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Take, for example, the number of talented rookies that made an impact last year. While their numbers were impressive, they lack an established track record that we can use to predict their future success. For all we know, they've just had the best season of their careers; it could be all downhill from here.
It's not all doom and gloom, however. It's certainly possible for a player who's had a down year to break out of his malaise, or for an unheralded rookie to make the leap. We saw many examples of both in 2006. Whose destiny will change this year?
The Baseball Analysts: "The case on [Gary Sheffield] is pretty straightforward. He is 38 years old and two full seasons removed from being anything resembling a superstar contributor. He has endured shoulder problems to boot. Still, the defending American League champs saw fit to acquire Sheffield. Far be it from me to criticize the great Dave Dombroski, but Sheffield is going to disappoint badly in 2007."
March 7, 2007
More name than game
Joe Torre on Carl Pavano: "I've liked what I've seen from him. Not only stuff on the mound, but his whole demeanor. I think it would be a progression if he was the one. I don't think it would make any kind of statement other than we're comfortable where he is."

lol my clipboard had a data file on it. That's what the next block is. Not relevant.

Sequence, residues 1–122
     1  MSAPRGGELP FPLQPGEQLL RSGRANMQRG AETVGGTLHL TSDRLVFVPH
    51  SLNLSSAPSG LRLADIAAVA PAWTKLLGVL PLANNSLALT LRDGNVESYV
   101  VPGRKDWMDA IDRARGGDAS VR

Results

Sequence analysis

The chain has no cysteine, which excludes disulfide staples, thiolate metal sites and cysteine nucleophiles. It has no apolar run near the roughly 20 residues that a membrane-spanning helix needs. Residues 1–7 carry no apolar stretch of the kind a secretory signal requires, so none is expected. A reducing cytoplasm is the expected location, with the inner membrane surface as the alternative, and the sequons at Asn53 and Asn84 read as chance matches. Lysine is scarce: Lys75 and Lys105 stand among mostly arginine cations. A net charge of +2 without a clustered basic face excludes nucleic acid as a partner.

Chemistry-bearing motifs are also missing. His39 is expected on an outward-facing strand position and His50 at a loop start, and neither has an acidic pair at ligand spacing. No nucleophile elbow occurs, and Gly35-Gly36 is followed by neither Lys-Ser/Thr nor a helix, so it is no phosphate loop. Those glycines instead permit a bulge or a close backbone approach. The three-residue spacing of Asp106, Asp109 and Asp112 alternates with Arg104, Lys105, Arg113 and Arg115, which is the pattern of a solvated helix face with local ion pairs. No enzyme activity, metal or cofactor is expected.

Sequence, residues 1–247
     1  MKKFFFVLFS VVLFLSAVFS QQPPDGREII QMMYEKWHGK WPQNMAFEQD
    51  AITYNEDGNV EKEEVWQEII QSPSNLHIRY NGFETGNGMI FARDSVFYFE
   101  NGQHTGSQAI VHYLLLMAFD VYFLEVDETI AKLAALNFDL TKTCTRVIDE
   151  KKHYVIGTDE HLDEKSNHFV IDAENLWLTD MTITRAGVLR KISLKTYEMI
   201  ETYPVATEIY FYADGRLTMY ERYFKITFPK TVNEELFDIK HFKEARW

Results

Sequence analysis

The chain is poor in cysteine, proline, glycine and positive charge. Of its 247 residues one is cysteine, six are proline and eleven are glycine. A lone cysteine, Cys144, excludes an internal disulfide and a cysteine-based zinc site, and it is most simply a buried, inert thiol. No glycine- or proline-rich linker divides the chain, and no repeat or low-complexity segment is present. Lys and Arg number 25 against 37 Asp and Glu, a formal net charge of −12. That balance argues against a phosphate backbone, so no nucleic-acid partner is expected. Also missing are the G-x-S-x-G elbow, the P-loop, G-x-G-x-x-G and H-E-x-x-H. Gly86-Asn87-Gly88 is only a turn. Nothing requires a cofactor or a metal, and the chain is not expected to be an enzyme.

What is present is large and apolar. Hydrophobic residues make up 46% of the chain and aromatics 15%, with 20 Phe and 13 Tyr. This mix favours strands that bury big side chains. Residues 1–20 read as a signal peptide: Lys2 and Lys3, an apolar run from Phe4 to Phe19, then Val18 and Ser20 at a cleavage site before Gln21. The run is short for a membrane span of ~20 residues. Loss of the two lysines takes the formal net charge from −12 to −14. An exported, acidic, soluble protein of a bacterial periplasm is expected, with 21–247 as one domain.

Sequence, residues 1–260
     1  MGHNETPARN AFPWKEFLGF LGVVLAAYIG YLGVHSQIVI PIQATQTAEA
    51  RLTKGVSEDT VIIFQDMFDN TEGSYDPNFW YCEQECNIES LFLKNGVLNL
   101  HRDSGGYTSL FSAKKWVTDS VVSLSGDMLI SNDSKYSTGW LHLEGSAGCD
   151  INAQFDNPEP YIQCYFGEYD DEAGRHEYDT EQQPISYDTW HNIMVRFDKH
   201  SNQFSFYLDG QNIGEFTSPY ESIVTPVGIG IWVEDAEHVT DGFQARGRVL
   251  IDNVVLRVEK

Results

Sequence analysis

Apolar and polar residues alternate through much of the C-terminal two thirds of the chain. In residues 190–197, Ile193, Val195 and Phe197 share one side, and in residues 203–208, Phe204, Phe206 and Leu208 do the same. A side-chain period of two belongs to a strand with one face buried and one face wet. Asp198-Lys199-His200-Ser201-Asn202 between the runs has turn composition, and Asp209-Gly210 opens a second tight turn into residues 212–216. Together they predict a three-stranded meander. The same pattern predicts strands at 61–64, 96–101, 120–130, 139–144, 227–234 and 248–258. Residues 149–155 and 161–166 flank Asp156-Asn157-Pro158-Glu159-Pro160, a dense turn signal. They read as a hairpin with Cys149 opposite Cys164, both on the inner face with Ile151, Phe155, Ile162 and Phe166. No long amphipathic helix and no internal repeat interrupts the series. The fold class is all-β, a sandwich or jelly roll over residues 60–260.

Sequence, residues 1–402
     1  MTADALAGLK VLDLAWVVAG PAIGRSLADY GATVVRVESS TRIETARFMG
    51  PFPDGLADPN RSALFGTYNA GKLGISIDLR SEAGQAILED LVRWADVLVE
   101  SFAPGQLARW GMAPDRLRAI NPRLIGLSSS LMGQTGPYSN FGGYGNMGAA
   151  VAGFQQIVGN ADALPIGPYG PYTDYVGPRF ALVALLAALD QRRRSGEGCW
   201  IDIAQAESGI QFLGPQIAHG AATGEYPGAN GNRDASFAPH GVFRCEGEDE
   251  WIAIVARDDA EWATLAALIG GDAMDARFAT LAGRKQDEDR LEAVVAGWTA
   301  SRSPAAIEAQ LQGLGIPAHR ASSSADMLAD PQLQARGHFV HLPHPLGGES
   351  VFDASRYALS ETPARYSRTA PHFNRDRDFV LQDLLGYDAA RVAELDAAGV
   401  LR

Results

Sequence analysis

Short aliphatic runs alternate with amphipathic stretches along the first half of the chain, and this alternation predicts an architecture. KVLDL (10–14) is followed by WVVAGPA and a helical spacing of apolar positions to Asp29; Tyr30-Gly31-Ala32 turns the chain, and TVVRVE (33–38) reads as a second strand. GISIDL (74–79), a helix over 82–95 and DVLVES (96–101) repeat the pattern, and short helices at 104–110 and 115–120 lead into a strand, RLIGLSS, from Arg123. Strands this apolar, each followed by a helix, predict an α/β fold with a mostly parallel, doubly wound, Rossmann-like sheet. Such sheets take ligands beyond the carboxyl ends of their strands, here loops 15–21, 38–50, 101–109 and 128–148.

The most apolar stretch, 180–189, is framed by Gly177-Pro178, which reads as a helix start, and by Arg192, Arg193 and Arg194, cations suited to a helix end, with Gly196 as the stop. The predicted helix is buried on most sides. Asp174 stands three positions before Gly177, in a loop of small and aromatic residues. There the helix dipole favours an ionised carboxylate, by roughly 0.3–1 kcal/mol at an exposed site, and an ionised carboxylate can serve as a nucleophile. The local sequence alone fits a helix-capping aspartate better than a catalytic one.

Mar. 14, 2007
Karsten's elbow could hand Pavano Opening Day start
Why he'll break out: King Felix has tasted both success and failure on the major league level. He followed up a dazzling rookie season with a disappointing sophomore campaign. Now that he's the featured ace on a depleted staff, with a year to adjust to new catcher Kenji Johjima, a slimmed down Hernandez could finally master his impressive arsenal.
Why he'll break out: Peavy realized his promise in 2004 and 2005, posting back-to-back seasons with a sub-3.00 ERA. He took a step back in 2006, putting up a 4.03 mark which was only slightly above league average. However, his strikeout rate remained steady, and he experienced only a slight jump in walks and home runs allowed. Look to Peavy to put up a quietly impressive season as the ace of the Padres.
Jorge Posada and Jason Varitek
Why they'll break down: Posada and Varitek have been offensive stalwarts on either side of the Yankees-Red Sox rivalry for many years -- which is the basic problem. Posada had an excellent 2006, while Varitek's was injury-plagued, but both are 34-year old catchers. Catching isn't exactly a position that lends itself to longevity: Johnny Bench, for instance, was done as a full-time catcher by age 33 and was done as a player by age 35. While both Posada and Varitek started as full-time catchers fairly late in their careers, each game they spend behind the plate adds to the possibility of a breakdown.